Washington policymakers don't often admit that they might be wrong. Yet that has been the noteworthy message from the some of the Federal Reserve's biggest brains in recent weeks.
Fed Chairman Alan Greenspan said last week that he and his central bank colleagues believe that "inflationary pressures are not likely to be a serious concern in the period ahead." And so, they think it "very likely" that they can raise interest rates slowly "over the quarters ahead." But before investors could reach for their party hats, the chairman cautioned that "forecasts are subject to error," and if the Fed's judgment "turns out to be mistaken, we will change."
That followed the admission two weeks earlier by Donald L. Kohn, a Fed governor and 34-year veteran of the central bank system, that "there is much about the inflation process that we do not understand, and I have been surprised at the extent of the pickup in core inflation this year. . . . Given our limited understanding of price determination, we must keep a close watch on actual inflation outcomes."
So if these two don't know exactly how inflation works, how could anybody else? That's exactly the uncertainty plaguing the financial markets as analysts and traders debate whether the Fed has correctly gauged the inflation pressures appearing in pockets of the economy. If Greenspan & Co. are right, the recent spurt in consumer prices is largely temporary -- reflecting factors such as the surges in oil and food prices. But if they are wrong, more widespread inflation will take off -- fueled by a growing economy, rising employment and interest rates that are inappropriately low. And as Fed officials have broadcast loudly, if they discover they have erred, they will raise rates as aggressively as necessary to keep the inflation genie in the bottle.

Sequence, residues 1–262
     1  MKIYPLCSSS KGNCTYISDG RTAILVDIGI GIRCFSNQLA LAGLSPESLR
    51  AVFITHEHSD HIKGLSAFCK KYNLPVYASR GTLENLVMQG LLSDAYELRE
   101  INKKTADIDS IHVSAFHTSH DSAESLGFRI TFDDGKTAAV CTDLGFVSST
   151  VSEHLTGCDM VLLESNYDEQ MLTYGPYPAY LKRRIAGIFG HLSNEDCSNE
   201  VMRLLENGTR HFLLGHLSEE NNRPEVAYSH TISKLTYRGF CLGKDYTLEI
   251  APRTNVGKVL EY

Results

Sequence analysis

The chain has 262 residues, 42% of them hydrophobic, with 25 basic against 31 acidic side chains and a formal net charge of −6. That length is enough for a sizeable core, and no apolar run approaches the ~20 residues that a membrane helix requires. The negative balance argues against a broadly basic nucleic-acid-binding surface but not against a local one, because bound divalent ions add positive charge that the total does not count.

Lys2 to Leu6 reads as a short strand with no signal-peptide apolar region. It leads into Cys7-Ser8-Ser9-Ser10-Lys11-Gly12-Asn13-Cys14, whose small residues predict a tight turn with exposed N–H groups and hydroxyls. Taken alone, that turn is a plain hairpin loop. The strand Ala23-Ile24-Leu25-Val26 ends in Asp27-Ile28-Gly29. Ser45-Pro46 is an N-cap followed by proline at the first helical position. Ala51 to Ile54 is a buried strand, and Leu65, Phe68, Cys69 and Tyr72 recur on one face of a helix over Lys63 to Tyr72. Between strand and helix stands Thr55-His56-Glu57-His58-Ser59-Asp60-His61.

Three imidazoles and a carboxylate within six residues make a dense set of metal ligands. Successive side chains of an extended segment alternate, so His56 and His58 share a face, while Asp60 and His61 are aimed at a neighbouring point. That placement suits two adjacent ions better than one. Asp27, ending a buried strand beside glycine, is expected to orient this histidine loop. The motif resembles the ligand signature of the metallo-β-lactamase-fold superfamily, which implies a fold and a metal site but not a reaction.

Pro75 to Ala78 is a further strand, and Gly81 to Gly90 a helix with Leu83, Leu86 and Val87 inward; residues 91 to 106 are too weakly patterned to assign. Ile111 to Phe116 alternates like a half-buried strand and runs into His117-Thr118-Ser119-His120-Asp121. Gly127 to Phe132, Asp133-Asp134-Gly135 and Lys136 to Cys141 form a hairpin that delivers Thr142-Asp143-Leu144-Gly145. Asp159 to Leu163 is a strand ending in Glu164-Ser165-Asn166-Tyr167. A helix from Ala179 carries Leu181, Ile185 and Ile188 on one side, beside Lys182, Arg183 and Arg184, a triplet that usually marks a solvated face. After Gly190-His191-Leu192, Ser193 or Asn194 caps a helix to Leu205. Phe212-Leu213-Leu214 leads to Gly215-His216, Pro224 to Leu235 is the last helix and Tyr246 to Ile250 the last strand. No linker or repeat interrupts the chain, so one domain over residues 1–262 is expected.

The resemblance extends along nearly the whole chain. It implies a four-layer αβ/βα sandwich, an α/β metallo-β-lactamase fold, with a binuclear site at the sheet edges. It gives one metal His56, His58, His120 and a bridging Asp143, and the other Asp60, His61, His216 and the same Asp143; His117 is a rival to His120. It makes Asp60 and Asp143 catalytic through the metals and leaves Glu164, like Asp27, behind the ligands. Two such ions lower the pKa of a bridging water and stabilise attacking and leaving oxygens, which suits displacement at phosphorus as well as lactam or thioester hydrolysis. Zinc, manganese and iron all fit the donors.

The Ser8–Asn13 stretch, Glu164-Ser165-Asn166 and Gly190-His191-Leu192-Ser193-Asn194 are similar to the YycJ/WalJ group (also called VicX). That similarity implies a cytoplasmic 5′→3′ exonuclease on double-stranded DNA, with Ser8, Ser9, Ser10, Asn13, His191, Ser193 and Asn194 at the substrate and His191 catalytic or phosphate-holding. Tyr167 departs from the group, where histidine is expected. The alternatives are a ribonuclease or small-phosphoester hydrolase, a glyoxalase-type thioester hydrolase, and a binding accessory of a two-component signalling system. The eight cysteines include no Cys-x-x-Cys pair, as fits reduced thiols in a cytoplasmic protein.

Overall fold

While the cork appears secure at the moment, some observers -- and perhaps some Fed officials -- think they see some wisps of smoke leaking out. Businesses are raising prices, not just for oil- and food-related items, but also for housing, apparel, medical care, education and hotel rooms.
And much of the recent spike in oil prices has reflected fears of supply disruptions, caused by turmoil in the Middle East, that appear unlikely to fade soon. Greenspan frequently mentions "geopolitical tensions" and the possibility of other terrorist attacks as clouds still hovering over the economy. More broadly, as he said Tuesday, "uncertainty is not just a pervasive feature of the monetary policy landscape; it is the defining characteristic of that landscape."
That said, Fed officials do believe inflation tends to rise when the economy is in overdrive, the job market is tight and long-term inflation expectations run high. In the current economy, that means inflation should not be a problem for a while. But if they have miscalculated, they will have to move rates up higher or faster than they would have otherwise to keep that cork in place.
-- Nell Henderson